Bruce Haynes is an Associate Professor of Sociology at the University of California, Davis. He is an authority on race, ethnicity, and urban communities. His publications include The Ghetto: Contemporary Issues and Controversies, a co-edited volume that brings together prominent scholars throughout the world to examine marginalized urban spaces and the usefulness of the concept, and term, ghetto.
Adrienne Hosek is an Assistant Professor in the Department of Political Science at the University of California, Davis. Hosek’s research focuses on income inequality and redistributive politics in the United States, the statistics of causal inference, and survey experimentation.
Victoria Lawson is a Professor of Geography at the University of Washington. Lawson is the co-founder of the Relational Poverty Network (with Sarah Elwood); Past-President of the Association of American Geographers (AAG); Marsha Landolt Distinguished Graduate Mentor Award winner; Director of the UW Honors Program, former Chair of the Department of Geography at the University of Washington, and committed teacher.
Jonathan London is an Assistant Professor of Human and Community Development at the University of California, Davis and a Faculty Affiliate of the UC Davis Center for Poverty Research. His research addresses conflicts and collaboration in natural resource and environmental issues, specifically on marginalized rural communities and environmental justice issues in the Sierra Nevada and the Central Valley.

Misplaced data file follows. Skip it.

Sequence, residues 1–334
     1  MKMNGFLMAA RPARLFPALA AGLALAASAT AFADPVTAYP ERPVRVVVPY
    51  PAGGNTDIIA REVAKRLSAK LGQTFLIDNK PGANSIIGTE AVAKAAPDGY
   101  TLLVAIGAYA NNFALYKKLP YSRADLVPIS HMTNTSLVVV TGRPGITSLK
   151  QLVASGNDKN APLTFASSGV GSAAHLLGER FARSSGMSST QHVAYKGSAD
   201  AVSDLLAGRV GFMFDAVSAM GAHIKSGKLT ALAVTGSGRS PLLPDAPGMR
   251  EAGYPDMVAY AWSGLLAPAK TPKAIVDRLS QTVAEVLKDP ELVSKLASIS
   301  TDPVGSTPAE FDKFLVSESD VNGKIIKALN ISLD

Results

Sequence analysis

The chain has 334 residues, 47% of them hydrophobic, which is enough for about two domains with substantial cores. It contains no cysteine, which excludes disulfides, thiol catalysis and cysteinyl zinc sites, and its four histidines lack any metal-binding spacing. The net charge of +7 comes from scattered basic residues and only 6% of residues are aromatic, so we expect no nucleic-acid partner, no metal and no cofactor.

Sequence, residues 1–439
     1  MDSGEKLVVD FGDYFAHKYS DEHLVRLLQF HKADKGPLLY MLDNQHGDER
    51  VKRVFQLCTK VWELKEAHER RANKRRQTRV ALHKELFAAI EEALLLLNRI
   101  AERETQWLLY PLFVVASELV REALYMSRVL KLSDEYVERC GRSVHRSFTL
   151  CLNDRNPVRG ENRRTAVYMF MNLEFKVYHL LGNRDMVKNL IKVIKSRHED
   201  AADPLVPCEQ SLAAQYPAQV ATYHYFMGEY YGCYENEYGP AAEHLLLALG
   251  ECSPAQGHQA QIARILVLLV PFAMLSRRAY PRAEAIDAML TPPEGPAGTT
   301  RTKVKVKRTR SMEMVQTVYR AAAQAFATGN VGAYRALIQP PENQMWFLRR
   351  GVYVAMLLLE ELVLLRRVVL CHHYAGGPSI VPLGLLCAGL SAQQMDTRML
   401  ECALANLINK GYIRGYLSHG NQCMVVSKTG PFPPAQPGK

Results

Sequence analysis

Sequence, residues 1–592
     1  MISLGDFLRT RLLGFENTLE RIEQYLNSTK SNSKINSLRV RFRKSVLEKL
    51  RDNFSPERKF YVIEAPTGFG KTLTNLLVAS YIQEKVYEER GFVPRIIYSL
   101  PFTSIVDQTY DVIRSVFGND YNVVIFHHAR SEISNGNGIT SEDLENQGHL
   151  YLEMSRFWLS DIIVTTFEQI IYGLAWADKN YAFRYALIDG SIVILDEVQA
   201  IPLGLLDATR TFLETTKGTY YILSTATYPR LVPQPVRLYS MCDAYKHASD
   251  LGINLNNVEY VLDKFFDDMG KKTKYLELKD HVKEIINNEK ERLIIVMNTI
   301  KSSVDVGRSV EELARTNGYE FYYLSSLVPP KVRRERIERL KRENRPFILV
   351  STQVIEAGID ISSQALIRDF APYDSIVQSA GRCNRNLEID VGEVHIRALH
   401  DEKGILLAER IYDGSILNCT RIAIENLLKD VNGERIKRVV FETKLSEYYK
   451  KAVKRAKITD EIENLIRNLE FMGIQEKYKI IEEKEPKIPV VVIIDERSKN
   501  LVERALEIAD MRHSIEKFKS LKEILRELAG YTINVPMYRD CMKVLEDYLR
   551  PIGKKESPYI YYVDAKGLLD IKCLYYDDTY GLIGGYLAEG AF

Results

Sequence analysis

Deb Niemeier is a Professor of Civil and Environmental Engineering at the University of California, Davis. Her research interests focus on transportation-air quality modeling, energy consumption and land use interactions, sustainability and the project development process for major infrastructure projects. She is the Director for the Sustainable Design Academy at UC Davis and has just completed a 6-year term as Editor-in-Chief of Transportation Research, Part A, the leading international journal focused on transportation policy and practice.
Bertrall Ross is an Assistant Professor of Law at the University of California, Berkeley and Co-Faculty Director of the Henderson Center. Ross’ research interests are driven by a normative concern about democratic responsiveness and a methodological approach that integrates political theory and empirical social science into discussions of legal doctrine, the institutional role of courts, and democratic design.